Low, low prices: Oil prices fell to below $35 a barrel this morning as investors eyed a slew of U.S. corporate earnings this week for signs of weakening consumer demand amid the worst recession in dec…
Low, low prices: Oil prices fell to below $35 a barrel this morning as investors eyed a slew of U.S. corporate earnings this week for signs of weakening consumer demand amid the worst recession in decades. Light, sweet crude for February delivery was down $1.88 to $34.63 a barrel by mid-afternoon in Europe in electronic trading on the New York Mercantile Exchange.
What’s in store? As hundreds of fourth-quarter earnings reports stream in this week, Wall Street’s reaction will turn on companies’ answers to one question: When will the recession end? “Not soon” is what the market heard last week. Big banks posted ugly numbers and told investors they were still struggling with rickety balance sheets. That revived fears that the economic recovery that some analysts have forecast for the second half of the year won’t materialize. The market has largely written off the first half of 2009. Now, stocks could take a beating if companies lead investors to believe a recovery will be pushed back to 2010.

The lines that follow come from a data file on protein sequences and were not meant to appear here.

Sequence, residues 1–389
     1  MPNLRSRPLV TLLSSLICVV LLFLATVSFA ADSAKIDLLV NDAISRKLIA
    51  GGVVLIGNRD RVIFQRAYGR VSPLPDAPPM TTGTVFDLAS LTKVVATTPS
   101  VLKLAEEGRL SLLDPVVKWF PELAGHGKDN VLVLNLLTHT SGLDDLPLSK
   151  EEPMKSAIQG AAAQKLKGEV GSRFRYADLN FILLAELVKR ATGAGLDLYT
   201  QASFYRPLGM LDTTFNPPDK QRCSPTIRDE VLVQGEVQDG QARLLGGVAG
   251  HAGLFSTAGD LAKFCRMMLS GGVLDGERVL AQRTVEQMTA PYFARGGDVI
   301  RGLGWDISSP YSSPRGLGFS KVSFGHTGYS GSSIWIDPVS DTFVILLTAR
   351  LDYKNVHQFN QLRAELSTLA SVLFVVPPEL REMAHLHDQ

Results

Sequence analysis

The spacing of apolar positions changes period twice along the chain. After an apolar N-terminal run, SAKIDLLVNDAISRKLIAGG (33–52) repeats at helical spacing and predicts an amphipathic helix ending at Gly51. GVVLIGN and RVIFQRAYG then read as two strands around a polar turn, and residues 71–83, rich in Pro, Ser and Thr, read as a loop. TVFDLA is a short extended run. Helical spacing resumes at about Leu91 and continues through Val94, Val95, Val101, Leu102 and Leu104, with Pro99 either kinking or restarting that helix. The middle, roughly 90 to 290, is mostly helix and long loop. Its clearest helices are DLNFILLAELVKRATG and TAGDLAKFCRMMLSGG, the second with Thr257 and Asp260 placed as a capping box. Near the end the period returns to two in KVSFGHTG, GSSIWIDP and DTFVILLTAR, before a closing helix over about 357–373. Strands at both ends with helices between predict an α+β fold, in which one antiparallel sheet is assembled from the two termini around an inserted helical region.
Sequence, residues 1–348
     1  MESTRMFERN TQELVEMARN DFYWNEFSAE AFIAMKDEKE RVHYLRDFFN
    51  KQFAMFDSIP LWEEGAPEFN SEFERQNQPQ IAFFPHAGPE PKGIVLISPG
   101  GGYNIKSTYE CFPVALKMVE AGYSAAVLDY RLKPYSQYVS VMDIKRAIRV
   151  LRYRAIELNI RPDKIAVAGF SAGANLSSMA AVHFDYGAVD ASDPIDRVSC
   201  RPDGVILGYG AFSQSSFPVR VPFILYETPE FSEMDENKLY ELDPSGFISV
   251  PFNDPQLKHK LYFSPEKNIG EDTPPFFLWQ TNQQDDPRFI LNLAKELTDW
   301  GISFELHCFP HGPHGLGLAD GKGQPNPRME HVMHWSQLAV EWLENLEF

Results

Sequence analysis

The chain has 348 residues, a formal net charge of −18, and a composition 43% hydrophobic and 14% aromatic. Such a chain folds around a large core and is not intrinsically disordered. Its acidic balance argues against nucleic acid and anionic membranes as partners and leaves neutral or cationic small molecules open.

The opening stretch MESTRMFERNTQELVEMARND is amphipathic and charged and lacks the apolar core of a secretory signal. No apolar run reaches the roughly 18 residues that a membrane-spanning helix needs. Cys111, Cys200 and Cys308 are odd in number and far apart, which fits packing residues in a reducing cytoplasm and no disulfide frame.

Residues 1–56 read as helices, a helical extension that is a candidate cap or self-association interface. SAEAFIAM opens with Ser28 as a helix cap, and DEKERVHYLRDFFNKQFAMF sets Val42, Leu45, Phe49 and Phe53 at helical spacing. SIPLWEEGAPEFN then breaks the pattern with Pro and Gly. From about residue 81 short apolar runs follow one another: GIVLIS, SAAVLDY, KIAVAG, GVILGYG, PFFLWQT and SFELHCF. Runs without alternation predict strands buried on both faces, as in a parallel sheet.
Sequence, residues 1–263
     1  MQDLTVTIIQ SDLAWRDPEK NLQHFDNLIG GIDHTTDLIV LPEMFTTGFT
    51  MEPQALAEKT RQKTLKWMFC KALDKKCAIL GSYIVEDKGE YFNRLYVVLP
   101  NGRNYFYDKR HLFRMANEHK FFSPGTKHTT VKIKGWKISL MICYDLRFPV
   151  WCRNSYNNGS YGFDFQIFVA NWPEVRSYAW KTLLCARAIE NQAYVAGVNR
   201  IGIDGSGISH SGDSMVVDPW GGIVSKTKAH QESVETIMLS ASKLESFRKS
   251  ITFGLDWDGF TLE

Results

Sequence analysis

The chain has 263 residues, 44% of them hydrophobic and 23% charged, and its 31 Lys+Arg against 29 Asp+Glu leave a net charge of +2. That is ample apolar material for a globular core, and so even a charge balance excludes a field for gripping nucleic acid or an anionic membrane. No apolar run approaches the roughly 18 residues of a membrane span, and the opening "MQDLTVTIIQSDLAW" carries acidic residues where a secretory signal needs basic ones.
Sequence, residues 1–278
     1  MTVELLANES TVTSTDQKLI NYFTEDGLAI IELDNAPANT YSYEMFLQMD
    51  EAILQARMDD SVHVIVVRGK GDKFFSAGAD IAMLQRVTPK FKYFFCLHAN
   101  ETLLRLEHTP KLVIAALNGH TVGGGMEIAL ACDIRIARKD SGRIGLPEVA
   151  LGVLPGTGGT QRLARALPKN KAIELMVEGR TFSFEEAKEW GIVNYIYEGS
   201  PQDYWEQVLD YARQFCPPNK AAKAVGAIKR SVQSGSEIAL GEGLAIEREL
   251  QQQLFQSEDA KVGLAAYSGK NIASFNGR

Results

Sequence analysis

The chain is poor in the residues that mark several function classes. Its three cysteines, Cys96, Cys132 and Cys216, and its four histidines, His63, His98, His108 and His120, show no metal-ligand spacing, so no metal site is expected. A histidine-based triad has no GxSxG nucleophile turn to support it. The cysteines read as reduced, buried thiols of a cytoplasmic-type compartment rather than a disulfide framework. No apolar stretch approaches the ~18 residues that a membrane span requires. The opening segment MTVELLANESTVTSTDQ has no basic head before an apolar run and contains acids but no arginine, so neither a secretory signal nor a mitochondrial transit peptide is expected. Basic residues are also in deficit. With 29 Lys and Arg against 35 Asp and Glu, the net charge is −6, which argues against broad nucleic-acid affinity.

Watch who you call: If you’re one of the estimated 2 million people expected to be at Barack Obama’s presidential inauguration Tuesday, the cell phone industry has one message for you: Go easy on the communications. The New York Times reports the country’s largest cellular companies are asking customers to limit their phone calls and delay sending pictures of the event so too much stress isn’t placed on the network. Carriers are also spending millions to temporarily and substantially upgrade their networks in Washington. To read the story, click here.